📊 EV’s Charts of the Week #46
Hi, I’m Azeem Azhar. I convene Exponential View to help us understand how our societies and political economy will change under the force of rapidly accelerating technologies. This is my member’s-only Charts of the Week mailout in which we explore the world through data.
DEPARTMENT OF CLIMATE
The new Nobel Laureate, Klaus Hasselmann, created a model linking weather and climate. His methods have been used to prove that the increased temperature in the atmosphere is due to human emissions of carbon dioxide. Via Nobel Prize
You don’t want to be the winner
This week, I have prepared an expanded decarbonisation section. We are in the processing of revamping the decarbonisation section of the Sunday newsletter. I would love your thoughts in the comments about how you think it should look and what types of content we should curate there. For now, let’s jump in with this fantastic graphic of the leading carbon-emitting countries over the last hundred years or so. The top three historical emitters of CO2 are the US at 509Gt, China at 284Gt and Russia at 172. Brazil and Indonesia, with their aggressive deforestation, come higher than one might expect. (If the video doesn’t load up, click on the link.) Via Simon Evans
BloombergNEF put together a number of scenarios for decarbonisation. In their “Gray scenario”, they assume energy decarbonisation occurs at a moderate rate, forcing us into more aggressive carbon capture and storage (CCS) to achieve Net Zero. Were that scenario to hold, the task for the nascent CCS industry is an enormous one. (Fortunately, there are signs the power sector will decarbonise faster than that.) Via BloombergNEF
More energy, more storage
With more energy production comes more storage. Forecast for energy storage market size demonstrates the sharp rises forecast for renewable energy growth. Via Woodmac
If we dig deeper still, wind production is leading the way in power plant capacity additions in the US. Nearly 50 per cent of capacity added in Q2 2021 came from wing energy compared with less than 5 per cent from gas. Via Renewable Energy World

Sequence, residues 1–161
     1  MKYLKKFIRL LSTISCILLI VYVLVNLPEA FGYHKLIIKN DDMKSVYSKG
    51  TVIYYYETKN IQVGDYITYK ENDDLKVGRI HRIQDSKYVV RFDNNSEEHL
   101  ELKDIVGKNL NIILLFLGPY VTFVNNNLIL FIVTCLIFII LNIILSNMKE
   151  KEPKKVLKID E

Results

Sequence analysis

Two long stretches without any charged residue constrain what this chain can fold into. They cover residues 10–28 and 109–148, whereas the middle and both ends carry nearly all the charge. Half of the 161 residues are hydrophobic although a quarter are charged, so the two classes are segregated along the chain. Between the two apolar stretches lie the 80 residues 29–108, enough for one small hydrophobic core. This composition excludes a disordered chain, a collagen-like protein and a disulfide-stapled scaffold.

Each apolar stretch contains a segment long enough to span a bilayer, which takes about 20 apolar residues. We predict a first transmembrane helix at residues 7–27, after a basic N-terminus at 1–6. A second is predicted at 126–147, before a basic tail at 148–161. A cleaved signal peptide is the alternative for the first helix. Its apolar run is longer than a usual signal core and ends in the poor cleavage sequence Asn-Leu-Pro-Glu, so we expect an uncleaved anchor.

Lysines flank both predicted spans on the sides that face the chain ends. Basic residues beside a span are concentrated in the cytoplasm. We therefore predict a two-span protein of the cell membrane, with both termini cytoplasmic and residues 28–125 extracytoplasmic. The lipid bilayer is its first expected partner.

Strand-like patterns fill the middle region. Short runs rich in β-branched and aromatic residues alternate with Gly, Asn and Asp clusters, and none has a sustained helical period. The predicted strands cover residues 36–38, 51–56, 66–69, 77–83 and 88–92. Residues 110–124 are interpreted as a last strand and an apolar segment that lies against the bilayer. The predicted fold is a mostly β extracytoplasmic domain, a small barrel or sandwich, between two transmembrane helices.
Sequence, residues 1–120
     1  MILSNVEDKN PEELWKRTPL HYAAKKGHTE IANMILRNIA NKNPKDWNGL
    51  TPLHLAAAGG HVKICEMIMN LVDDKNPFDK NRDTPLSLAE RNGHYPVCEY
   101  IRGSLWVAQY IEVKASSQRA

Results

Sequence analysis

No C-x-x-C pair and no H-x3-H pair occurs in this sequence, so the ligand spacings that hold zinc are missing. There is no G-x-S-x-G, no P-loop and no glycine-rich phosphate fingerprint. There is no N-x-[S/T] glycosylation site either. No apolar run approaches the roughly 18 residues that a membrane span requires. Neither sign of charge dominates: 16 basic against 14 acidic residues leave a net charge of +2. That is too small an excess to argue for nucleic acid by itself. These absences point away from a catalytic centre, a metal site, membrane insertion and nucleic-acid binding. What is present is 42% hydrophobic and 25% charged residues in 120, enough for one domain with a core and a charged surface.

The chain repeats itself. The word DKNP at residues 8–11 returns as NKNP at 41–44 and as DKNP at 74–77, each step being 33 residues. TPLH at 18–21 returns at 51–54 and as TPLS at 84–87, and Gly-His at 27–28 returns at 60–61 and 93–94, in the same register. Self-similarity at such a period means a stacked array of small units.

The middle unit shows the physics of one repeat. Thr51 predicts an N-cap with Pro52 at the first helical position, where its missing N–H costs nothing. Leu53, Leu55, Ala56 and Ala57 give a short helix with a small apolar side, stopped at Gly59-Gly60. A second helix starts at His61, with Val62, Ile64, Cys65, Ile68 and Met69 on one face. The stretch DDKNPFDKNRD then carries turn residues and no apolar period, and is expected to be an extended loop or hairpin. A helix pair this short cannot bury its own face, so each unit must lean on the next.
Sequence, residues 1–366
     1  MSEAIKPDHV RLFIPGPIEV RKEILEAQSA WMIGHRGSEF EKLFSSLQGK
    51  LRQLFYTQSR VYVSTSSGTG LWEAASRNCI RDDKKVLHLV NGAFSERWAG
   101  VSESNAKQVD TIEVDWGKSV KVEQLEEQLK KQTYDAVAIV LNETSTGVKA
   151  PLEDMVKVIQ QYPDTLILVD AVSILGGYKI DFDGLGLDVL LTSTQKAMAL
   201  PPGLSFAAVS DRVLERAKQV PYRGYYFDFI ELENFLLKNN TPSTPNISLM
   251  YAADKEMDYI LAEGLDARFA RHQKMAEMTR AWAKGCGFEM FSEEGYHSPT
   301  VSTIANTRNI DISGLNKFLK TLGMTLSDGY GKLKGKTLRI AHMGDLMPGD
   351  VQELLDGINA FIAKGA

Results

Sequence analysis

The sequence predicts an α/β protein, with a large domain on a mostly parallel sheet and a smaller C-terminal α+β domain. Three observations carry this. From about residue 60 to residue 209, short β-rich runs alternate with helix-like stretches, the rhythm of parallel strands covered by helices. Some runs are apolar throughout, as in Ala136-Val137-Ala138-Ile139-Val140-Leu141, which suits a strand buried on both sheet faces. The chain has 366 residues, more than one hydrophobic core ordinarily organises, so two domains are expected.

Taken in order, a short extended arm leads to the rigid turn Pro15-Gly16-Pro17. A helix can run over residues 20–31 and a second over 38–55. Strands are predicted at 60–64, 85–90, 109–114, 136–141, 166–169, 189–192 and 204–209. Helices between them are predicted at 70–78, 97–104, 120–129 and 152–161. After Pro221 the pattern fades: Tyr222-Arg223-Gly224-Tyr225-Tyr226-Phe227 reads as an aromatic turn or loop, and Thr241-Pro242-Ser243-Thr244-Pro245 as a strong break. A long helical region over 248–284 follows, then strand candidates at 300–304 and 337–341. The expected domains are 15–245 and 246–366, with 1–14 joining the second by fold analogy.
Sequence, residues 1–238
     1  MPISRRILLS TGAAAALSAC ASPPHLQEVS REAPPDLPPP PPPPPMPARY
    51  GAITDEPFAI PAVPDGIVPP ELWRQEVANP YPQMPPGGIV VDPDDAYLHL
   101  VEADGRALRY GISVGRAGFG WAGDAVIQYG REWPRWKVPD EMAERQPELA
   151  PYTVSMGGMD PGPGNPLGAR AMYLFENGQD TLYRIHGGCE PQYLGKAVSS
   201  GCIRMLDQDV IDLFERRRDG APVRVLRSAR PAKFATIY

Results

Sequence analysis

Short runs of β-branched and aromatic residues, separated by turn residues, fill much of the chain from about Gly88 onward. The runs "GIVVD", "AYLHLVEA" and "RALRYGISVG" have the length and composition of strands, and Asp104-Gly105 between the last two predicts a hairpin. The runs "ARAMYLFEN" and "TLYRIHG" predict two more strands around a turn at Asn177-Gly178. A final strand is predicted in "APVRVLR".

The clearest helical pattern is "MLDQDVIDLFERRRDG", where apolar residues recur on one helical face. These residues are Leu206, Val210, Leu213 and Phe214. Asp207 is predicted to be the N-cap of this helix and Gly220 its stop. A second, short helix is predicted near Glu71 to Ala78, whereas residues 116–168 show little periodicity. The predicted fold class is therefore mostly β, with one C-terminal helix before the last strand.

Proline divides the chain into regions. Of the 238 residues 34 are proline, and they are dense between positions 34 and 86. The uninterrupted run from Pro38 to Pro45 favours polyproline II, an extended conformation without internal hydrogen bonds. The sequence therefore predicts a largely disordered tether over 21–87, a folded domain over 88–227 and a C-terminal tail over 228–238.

Triple quarterpounder, no pickles
Regardless of advancements in renewable energy technology, we still have to look at how our behaviour influences the climate. This is remarkably clear in our diets. Compare CO2 emissions from beef production with air travel. It’s staggering. Via The Economist
Heat is transforming cities
Increasing numbers of people in cities are facing extreme heat over the last three decades. The number of person-days of extreme heat has quadrupled in that time. About a third of that is due to climatic warming and the heat island effect, population growth. Via PNAS
DEPARTMENT OF POPULATION DECLINE
If you thought declining fertility rates were a problem only facing the West, you would have been mistaken. Via FT
China’s ongoing confusion over fertility
China has a long and convoluted relationship with fertility. The government is now trying to limit access to abortions, but as the chart shows, it’s not going to help much. Via The Economist
Who is going to pay the bills?
As fertility rates continue their downward slope, the working-age population percentages in G-7 countries is falling. We know how big a problem this is for Japan, but counties like Canada and Germany will face equally daunting challenges. Via Federal Reserve
It’s not just fertility; marriage rates are declining in the US. This is hitting lower earners the hardest. Via Scott Galloway
The next unicorn
Europe and the US are still leading the unicorn game but look at China and the rest of the world in 2010 compared with today. Dynamics are changing. Via Matt Hartman
Big in Korea
5G is taking over South Korea. South Korean mobile data traffic reached 800 PB for the first time in August, and 56% of that traffic volume was 5G. Via tefficient
If you are following the testimony by Frances Haugen, the Facebook whistleblower, you might find chapter eight of my book relevant. I lay out a framework that explains how and why services like Facebook end up privatising public experience and what to do about it.
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